Reasons for focusing on India and its young are established from the get-go in Somini Sengupta’s “The End of Karma: Hope and Fury among India’s Young: That India is poised to be the youngest-ever country in the world, that its population is set to overtake that of China, and that its economic size and growth will only continue to increase. And it is the young – with their aspirations and achievements – who will determine whether the trajectory continues. Describing the young as “a tipping-point generation” (and as “noonday’s children”, a neat play on Salman Rushdie’s “Midnight’s Children”), the writer said they are now demanding change in at least three important ways: “Genuine equality of opportunity, dignity for girls, and civil liberties”.
Invoking “karma” in its colloquial sense, she further referred to the demands of India’s young to “break free of the past”: “They are no longer willing to put up with their lot. They are also, profoundly, changing the destiny of their country”.
Interwoven with this exposition at the start is a brief narrative of Sengupta’s life as a NRI, or non-resident Indian, who moved to the United States at a young age. In the next seven chapters, the book then provides fascinating accounts of seven principal characters, whose stories are instructive and perhaps representative portraits of young Indians. And given the writer’s background in journalism, each story reads like a well-thought-out feature article, using the character and his or her history to tease out broader themes. Recurring themes include culture, caste, gender, and government or policy issues.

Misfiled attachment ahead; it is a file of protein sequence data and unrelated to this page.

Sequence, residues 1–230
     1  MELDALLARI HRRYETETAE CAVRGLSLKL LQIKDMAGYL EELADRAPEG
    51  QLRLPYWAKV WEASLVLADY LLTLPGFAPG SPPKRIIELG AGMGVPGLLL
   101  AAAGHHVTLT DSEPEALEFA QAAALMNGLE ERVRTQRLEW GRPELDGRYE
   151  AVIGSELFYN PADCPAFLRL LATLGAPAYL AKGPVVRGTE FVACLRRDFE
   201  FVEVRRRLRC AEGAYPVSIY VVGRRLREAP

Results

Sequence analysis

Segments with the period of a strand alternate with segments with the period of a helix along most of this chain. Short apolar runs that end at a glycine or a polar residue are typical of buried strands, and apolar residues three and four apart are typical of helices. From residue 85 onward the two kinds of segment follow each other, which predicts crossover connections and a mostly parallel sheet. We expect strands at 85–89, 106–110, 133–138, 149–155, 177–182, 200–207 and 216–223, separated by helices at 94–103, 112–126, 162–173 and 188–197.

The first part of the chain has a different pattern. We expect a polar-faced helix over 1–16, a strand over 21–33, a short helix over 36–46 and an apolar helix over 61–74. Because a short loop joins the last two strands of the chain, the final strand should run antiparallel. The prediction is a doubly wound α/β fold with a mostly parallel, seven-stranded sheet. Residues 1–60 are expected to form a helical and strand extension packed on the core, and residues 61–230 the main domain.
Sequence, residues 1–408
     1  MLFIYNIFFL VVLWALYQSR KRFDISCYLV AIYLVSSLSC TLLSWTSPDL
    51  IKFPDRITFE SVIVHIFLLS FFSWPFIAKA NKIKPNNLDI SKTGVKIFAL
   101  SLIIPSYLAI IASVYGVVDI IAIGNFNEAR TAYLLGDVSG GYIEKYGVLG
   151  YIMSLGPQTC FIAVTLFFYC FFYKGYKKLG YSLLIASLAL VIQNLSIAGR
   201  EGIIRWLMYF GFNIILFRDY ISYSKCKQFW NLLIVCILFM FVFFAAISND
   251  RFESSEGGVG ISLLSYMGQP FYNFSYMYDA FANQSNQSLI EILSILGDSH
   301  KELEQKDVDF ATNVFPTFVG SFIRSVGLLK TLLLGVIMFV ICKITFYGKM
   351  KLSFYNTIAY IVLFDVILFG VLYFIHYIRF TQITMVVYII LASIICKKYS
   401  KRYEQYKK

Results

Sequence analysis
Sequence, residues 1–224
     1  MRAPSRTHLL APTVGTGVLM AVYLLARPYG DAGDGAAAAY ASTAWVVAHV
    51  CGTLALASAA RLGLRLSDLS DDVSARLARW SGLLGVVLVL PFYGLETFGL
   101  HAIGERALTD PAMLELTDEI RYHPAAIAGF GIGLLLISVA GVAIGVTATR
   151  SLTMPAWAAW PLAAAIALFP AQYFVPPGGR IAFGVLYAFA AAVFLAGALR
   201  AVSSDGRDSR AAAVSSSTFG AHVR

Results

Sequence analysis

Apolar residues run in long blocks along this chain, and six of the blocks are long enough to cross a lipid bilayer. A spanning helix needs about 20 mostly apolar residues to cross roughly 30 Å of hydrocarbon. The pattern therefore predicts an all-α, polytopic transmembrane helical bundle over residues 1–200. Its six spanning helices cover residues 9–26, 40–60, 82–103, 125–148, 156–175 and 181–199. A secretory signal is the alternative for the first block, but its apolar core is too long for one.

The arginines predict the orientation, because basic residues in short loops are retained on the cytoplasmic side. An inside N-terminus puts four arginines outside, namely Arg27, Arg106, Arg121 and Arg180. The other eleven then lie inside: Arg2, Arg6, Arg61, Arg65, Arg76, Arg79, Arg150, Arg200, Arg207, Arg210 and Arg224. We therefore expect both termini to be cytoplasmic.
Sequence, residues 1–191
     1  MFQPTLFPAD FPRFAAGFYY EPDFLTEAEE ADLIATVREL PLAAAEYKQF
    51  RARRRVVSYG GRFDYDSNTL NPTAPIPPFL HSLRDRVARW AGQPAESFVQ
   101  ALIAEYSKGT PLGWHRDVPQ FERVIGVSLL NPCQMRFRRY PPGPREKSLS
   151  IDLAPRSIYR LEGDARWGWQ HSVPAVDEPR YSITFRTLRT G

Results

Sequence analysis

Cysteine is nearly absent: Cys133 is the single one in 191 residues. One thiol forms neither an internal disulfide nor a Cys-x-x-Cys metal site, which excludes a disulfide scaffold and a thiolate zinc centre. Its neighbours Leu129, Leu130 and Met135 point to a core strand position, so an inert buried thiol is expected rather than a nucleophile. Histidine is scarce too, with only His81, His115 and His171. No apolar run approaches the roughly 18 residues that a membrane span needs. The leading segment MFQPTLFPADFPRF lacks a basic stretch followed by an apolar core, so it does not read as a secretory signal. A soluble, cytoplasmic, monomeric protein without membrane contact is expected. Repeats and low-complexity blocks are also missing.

But each chapter – of each individual Indian character – also zooms in on a more specific theme which affect the young. The first chapter, on schooling and the quality of instruction and the education system. The second, on privilege and poverty, the social divide and inequalities, and the dynamics of gated communities (not unlike those in Singapore). The third, on insurgencies and the Maoist conflict. The fourth, on race and religion, politics and corruption, including an interesting account on the rise of Indian Prime Minister Narendra Modi (in relation to the Ram Janmabhoomi movement and the Rashtriya Swayamsevak Sangh organisation). The fifth, on free speech and the Internet. The sixth, on love and marriage, inter-caste and arranged marriages, and honour killings. And the seventh, on crimes against women, rape and sexual assault, and the growing aspirations of Indian girls and women.
A lot of ground is hence covered across these chapters, yet the transitions within each chapter from exposition to narrative were generally seamless. In this vein, “The End of Karma” – with its overview of Indian society, its dynamics, and the implications for its young – makes for an informative. A minor quibble would be that the substantive depth of each chapter does vary. I thought the first, second, and seventh stories had a lot more depth, and it felt like Sengupta had covered their lives over a longer period of time, and had spoken to more individuals in the lives of the three characters, creating deeper feelings of intimacy. Even so, there are few other negatives in this enjoyable read.